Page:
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Regenerative agriculture

By Staff | Mar 6, 2009

Seed stock producer Steve Reinart prepares bulls to go to the Pharo Cattle Co. in Cheyenne Wells, Colo., where they are forage-tested.

LANESBORO – As Steve Reinart surveys his pastures in northeast Carroll County near the Raccoon River, he explains why his view of farming goes beyond the description of sustainable agriculture.

“It should be called regenerative agriculture,” said Reinart, the latest recipient of the Leopold Center for Sustainable Agriculture’s Spencer Award. “To me, sustainable is doing no additional harm, while regenerative improves the soil and ecosystem.”

After Reinart took over the family farm in 1973, he adopted a holistic style of management and steadily converted his cropland into grass. He also added shelter belts, windbreaks, native grass plantings, and a paddock grazing system to his 400-acre farm, which is certified organic.

Today, Reinart’s Prairie Reds includes a beef and seed stock operation with more than 100 animals.

“I take my lead from nature as I try to incorporate a new conservation practice on my land each year,” said Reinart, who has lived on his family’s Carroll County farm since 1954 and planted a new windbreak with spruce trees, cedar trees and hackberry trees in 2008. “Farming is less stressful if you work with nature instead of trying to fight it.”

Steve Reinart, who has farmed since 1973, focuses on regenerative agriculture and tries to add new conservation practices each year on his property near the Raccoon River in Carroll County.

Supporting grassland agriculture

Reinart is the fifth Iowa farmer to receive the Spencer Award, established in 2002 to honor farmers, educators or researchers who have made a significant contribution toward the stability of mainstream family farms in the state. The award includes a $1,000 stipend and is one of Iowa’s largest awards in sustainable agriculture.

“I have known Steve for many years and he always has been willing to share what he has learned with other producers,” said Jerry DeWitt, director of the Leopold Center, located at Iowa State University. “He is an innovative and passionate advocate for grassland agriculture, and shows that it is possible to manage the land for future generations while operating a successful business.”

In an area dominated by corn and soybean fields, Reinart’s expanses of warm- and cool-season grasses have broken the mold for years. In 1975, Reinart began planting switchgrass on his lighter ground, thanks to a cost-share program available through the Iowa Department of Natural Resources.

Soon, pheasants and other wildlife began returning to the area, and Reinart was hooked. “Today, my operation is all beef and all grass,” said Reinart, an avid outdoorsman whose land is covered with big bluestem, little bluestem, Indian grass, side oats gamma, wild rye, cord grass and more.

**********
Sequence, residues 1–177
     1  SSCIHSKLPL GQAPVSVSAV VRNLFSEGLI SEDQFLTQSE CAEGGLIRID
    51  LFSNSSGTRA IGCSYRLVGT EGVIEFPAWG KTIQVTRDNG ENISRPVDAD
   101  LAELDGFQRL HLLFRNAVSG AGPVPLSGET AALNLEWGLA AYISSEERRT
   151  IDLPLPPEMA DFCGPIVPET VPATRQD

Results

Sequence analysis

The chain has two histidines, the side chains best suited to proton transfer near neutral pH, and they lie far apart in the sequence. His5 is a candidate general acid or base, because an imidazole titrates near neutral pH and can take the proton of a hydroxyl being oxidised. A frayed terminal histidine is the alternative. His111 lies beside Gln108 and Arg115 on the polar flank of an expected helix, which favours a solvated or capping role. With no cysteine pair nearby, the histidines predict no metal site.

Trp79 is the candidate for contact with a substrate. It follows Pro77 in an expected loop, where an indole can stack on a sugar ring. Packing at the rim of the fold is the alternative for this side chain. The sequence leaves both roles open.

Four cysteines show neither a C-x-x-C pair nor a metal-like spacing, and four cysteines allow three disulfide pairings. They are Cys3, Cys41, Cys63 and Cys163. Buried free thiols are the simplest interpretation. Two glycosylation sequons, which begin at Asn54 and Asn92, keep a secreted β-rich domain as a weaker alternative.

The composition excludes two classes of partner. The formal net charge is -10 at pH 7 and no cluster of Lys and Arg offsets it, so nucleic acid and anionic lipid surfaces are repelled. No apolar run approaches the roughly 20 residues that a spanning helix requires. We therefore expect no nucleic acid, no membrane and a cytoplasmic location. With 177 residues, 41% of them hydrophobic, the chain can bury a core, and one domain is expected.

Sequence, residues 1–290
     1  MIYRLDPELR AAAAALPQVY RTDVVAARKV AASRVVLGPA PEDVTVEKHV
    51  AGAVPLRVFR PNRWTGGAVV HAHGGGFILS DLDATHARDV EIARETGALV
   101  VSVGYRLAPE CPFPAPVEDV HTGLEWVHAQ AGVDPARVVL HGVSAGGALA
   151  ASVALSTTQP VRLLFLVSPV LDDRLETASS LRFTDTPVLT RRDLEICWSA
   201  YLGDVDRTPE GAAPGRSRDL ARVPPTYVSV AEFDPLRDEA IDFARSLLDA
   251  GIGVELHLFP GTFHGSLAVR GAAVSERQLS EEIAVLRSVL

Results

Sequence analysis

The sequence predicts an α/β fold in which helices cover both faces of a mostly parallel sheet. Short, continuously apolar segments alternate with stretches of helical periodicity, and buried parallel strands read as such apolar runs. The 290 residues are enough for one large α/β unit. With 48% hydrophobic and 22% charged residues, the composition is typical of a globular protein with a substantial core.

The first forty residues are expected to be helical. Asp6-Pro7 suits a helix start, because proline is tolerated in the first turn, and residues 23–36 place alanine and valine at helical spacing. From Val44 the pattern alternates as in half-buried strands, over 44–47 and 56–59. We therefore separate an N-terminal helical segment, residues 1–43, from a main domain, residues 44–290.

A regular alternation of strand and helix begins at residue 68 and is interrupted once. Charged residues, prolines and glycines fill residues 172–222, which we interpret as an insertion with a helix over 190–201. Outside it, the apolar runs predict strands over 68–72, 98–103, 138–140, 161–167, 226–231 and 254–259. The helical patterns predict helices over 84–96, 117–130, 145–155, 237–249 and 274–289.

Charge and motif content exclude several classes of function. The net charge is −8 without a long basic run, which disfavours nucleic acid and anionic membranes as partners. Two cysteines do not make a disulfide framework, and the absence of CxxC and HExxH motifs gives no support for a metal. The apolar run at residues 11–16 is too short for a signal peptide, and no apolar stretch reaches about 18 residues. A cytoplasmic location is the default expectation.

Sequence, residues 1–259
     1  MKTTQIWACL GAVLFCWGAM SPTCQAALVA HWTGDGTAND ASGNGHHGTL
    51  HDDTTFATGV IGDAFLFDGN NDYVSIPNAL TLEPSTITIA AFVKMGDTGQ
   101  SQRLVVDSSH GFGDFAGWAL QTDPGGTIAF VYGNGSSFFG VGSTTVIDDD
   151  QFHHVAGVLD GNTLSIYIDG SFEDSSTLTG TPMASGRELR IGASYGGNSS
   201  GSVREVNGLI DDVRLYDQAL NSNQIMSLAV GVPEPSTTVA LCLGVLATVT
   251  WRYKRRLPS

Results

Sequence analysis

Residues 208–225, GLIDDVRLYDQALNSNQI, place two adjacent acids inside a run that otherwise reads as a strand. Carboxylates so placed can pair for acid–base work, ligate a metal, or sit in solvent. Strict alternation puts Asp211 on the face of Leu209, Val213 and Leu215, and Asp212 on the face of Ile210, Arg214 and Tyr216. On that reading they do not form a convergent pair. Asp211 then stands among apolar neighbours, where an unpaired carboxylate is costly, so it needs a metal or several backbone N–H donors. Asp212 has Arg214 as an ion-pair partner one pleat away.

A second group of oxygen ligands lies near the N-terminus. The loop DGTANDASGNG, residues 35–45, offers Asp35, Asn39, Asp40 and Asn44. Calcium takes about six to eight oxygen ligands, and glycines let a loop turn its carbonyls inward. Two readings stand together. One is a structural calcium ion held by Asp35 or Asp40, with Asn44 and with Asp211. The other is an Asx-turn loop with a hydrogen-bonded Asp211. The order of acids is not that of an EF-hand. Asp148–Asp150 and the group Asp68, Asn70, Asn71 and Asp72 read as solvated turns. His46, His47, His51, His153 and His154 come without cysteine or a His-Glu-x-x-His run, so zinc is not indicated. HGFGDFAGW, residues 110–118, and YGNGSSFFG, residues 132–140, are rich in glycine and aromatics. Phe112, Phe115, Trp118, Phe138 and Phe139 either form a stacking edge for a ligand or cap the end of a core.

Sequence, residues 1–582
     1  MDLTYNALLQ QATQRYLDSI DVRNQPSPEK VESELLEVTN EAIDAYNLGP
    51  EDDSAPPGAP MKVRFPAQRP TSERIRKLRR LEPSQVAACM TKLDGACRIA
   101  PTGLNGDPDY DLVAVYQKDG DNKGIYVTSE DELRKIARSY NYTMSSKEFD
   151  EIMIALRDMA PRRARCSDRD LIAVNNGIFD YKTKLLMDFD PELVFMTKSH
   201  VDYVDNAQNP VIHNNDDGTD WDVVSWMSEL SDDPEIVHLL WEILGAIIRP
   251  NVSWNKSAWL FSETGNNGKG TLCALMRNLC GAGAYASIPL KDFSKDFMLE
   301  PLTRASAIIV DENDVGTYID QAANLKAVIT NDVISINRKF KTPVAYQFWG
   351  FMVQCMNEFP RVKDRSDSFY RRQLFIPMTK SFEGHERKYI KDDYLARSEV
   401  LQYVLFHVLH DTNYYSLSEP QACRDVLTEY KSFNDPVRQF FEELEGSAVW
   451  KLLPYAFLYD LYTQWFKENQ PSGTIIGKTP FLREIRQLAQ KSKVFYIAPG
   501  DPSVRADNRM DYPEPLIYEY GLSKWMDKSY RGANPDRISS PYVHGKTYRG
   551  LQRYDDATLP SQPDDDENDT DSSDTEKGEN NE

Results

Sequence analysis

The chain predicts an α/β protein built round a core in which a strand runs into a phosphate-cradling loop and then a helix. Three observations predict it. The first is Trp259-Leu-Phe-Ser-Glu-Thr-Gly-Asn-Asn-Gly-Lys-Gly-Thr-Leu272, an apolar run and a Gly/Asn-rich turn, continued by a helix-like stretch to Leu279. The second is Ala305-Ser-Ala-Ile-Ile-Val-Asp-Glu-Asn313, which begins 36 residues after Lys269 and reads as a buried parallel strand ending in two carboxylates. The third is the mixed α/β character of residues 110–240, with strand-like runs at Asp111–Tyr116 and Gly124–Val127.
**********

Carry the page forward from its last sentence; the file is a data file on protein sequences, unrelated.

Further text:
Currently, Reinart is evaluating “mob grazing,” where a high number of cattle graze on a small space and eat down the grass fairly quickly before being moved to another area to graze.

The practice imitates the large herds of buffalo that once roamed the Midwest and grazed an area intensively before moving on. Mob grazing also allows a longer rest period for the pasture. “Less disturbance to the land helps tremendously with weed control, because the grass can thicken up and out-compete the weeds,” said Reinart, an innovative thinker and devoted reader of the “Stockman Grass Farmer” and “ACRES U.S.A.,” which covers commercial-scale organic and sustainable farming.

Leading the way

As a seed stock producer, Reinart prepares bulls each year to go to Pharo Cattle Co. in Cheyenne Wells, Colo., where they will be forage-tested. “Bulls that aren’t in a feedlot enjoy greater longevity,” said Reinart, who noted that ultrasound is used to test the bulls for ribeye shape, tenderness and backfat.

Reinart, who doesn’t routinely use antibiotics in his herd and avoids hormones, also sells some of his cattle to the Tallgrass Beef Co. in Sedan, Kan. Closer to home, Reinart’s grass-fed beef is processed at Mike’s Locker in Carroll. Through word-of-mouth advertising, Reinart sells the beef by the quarter or half to local buyers.

Buyers appreciate the benefits of grass-fed beef, including the recommended ratio of omega 6 to omega 3 fats, and high levels of conjugated linoleic acid, a “healthy fat.”

“I’m selling a healthy product, and that reflects my philosophy of farming,” Reinart said. “For anything to be sustainable, you need to make money, stay environmentally acceptable and become socially acceptable.”

Reinart has long been willing to share his expertise with others. He spent 19 years on the Carroll County Conservation Board, served 25 years on the Carroll County Soil and Water Conservation District, and was honored the Ruth Wagner Award as the state’s outstanding assistant commissioner in 2006.

More recently, Reinart has helped the conservation board acquire property and create Reinart’s River Bend conservation area along the North Raccoon River south of Lanesboro.

In addition, Reinart also serves on the boards of directors for the Iowa Forage and Grassland Council and M&M Divide RC&D, and has worked on efforts to establish a community market in Carroll.

He is also proud to be a long-time member of Practical Farmers of Iowa.

“I’ve always questioned things, and I’m glad that people are realizing that there’s another way of farming beyond monoculture. I encourage others to avoid tunnel vision, stop looking at the things they don’t want, and focus on the positive things they do want.”

Contact Darcy Dougherty Maulsby by e-mail at yettergirl@yahoo.com.

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